By Mathew Carr
Nov. 13, 2021 — Glasgow: A negotiator for a giant developing country said late yesterday the Article 6 texts were “evolving” and taking a “share of proceeds” from the value of carbon transactions can help emerging nations adapt to global heating.
It’s a neat solution, because the global carbon markets can not only help rich countries that have caused the climate crisis to manage the risks of the transition to cleaner economies … they can help finance the needs of poorer nations, who are suffering most.
Developing countries can leap frog the wealthy into cleaner economies.
For context, putting a $100 per ton price tag on the world’s 40 billion tons or so of greenhouse gas would raise $4 trillion EVERY YEAR. EU carbon prices are already about $70 and that’s barely hurt the economy. Indeed the climate transition is creating jobs.
Polluters need to pay and the revenue can help protect the poor (also the poor in rich countries, by the way)
Money for cutting emissions is easier to come by, because the sale of carbon credits can potentially finance green hydrogen, distributed energy, high-tech batteries and efficient new power grids — where and while carbon finance is genuinely needed.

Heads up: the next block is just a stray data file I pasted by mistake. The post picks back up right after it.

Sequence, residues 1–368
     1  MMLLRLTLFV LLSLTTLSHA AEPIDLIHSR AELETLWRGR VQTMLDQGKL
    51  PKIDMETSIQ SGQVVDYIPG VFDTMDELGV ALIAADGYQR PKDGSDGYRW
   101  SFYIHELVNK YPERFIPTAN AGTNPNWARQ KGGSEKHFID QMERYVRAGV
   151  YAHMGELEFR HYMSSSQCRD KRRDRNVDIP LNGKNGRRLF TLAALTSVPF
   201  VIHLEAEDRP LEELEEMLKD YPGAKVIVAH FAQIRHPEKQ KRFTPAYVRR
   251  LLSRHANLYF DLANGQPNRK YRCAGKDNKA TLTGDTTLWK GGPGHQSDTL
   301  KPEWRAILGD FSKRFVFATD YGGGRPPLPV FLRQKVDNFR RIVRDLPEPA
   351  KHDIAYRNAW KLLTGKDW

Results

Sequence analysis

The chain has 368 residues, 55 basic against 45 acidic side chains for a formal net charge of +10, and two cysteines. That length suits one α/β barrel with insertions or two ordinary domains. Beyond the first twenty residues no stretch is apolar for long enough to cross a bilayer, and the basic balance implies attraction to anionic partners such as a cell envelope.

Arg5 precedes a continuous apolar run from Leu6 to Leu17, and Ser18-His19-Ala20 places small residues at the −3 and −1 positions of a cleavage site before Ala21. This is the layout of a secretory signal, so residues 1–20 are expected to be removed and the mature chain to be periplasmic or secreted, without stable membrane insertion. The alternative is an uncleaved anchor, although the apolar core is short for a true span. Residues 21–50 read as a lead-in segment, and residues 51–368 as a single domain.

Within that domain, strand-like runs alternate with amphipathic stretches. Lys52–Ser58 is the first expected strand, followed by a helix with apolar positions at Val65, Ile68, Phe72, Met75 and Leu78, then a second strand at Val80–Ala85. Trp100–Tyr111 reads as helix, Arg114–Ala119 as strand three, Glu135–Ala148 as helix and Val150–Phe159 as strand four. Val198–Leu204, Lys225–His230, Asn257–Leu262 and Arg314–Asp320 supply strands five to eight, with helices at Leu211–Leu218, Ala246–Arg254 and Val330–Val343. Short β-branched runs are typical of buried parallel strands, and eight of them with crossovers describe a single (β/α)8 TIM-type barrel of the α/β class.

Adaptation finance is more difficult to come by. Flood defences don’t necessarily generate income. That’s why negotiators here in Glasgow are working late into the night to try agree a share of proceeds that’s fair. The range being looked at is approximately 5% to 30% of the value of carbon transaction.
Developing countries need about $5.9 trillion to adapt to warming and limit their emissions growth. That would allow them to meet MORE AMBITIOUS emission limits in their climate pledges by 2030 — these are known as Nationally Determined Contributions. These pledges were conditional on getting extra finance, but it’s so far failed to turn up.
Emerging countries are severely frustrated, with one asking: why put countries through the NDC process and get them to set conditional targets if rich countries are just ignoring those plans?
Envoys are quibbling about $100 billion a year of finance.
Rich countries have found plenty of money to protect themselves from the ravages of the pandemic, but they are not willing to clean up their own mess, apparently.
And this on QE: